The Erwin Street Commercial Center (ESCC) at 15500 Erwin Street, Van Nuys, Los Angeles, is a diagram building of unexpected rigor and quality. It resembles an architecture student’s design project – specifically, it looks like about three-quarters of my own studio projects, which had a tendency to expose their structural frames and adorn their exteriors with circulation elements.
From this view, the ESCC’s massing resembles a late-Modern baseball stadium more than anything else, but it is actually a drive-in, drive-thru storage building and parking garage with a smattering of commercial office space.
The massive scope of this 400,000 square-foot, porkchop-shaped building can only be grasped from a distance. Its profile neatly follows the contours of an irregular parcel caught between Interstate 405 and a park-and-ride lot serving the Orange Line Bus-Rapid-Transit station at Sepulveda Boulevard. Courtesy of Google Maps:
The ESCC’s façades present varying aspects without seeming incohesive. From the front, where the ESCC’s north façade improbably towers over a row of single-family homes, it could almost pass as an office building.
The ESCC’s west façade is made seemingly endless by a shallow curve that follows the property line, and the horizontal emphasis of its exterior elements recalls ocean-going vessels. The ESCC is an anonymous participant in the high-architectural tradition of taking inspiration from ocean liners, and bares comparison with the 1966 Wyndham Court project by Lyons Israel Ellis in Southhampton, England, described by Owen Hatherley as “a glorious concrete Cunard” that “immediately evokes the cruise behemoths that sailed from the nearby port” (7). The ESCC looks rather more like a container ship.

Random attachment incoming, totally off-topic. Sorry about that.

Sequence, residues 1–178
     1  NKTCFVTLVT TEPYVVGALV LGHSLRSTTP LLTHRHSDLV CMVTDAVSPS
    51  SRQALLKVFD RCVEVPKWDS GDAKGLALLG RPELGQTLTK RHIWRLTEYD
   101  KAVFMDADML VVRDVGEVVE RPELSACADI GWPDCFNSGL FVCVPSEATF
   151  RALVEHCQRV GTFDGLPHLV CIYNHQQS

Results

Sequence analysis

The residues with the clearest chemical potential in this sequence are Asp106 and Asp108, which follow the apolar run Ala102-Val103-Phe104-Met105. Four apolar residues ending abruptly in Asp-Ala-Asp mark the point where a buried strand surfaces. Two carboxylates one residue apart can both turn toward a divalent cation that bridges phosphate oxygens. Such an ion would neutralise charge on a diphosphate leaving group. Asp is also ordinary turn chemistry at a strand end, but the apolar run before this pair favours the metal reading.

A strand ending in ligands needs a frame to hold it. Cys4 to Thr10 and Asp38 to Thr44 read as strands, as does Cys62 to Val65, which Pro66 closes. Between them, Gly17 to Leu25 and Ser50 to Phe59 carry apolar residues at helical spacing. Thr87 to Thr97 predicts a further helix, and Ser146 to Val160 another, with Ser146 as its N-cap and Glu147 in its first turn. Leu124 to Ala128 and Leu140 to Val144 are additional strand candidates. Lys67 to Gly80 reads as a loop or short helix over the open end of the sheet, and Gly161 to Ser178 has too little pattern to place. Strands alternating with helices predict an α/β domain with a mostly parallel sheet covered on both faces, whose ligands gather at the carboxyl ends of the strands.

The ESCC resembles a number of English “Megastructure” projects designed and built in concrete in the 1960s and 1970s, although it lacks academic pedigree. It is a lomo megastructure, in its pragmatism and humility closer to the anonymous industrial structures that Reyner Banham termed “Mégastructures Trouvées” in his book Megastructure: Urban Futures of the Recent Past. Its integrated exterior vehicular circulation ramps and skeletal, ancillary stair towers even permit comparison (and contrast) with the Pompidou Centre. The ESCC’s easygoing modern detailing suggests that its designers, probably working in the mid-1980s, might well have had some of these high-modernist precedents in mind while they struggled to transform this commission for a vast mini-storage building into a work of Architecture.
Even though it does not quite fit the criteria, the ESCC’s monumental scale and rugged frame have earned it an honorary place on my just-launched Google Map of Brutalist architecture in Los Angeles: http://g.co/maps/33c44. For the sake of this exercise, I have assumed a working definition of Brutalist Architecture as buildings with an exposed, unpainted, cast-in-place structure of architectural concrete. Leave a comment below if you care to contribute any good candidates and I will add them to the map, which someday may form the basis for a Los Angeles Brutalism bicycle ride. I have not input any university buildings yet, as these will tend to overwhelm all others in their numbers and quality. Nor have I included Orange County, where ruggedly handsome architectural-concrete public schools serve unappreciative suburban children.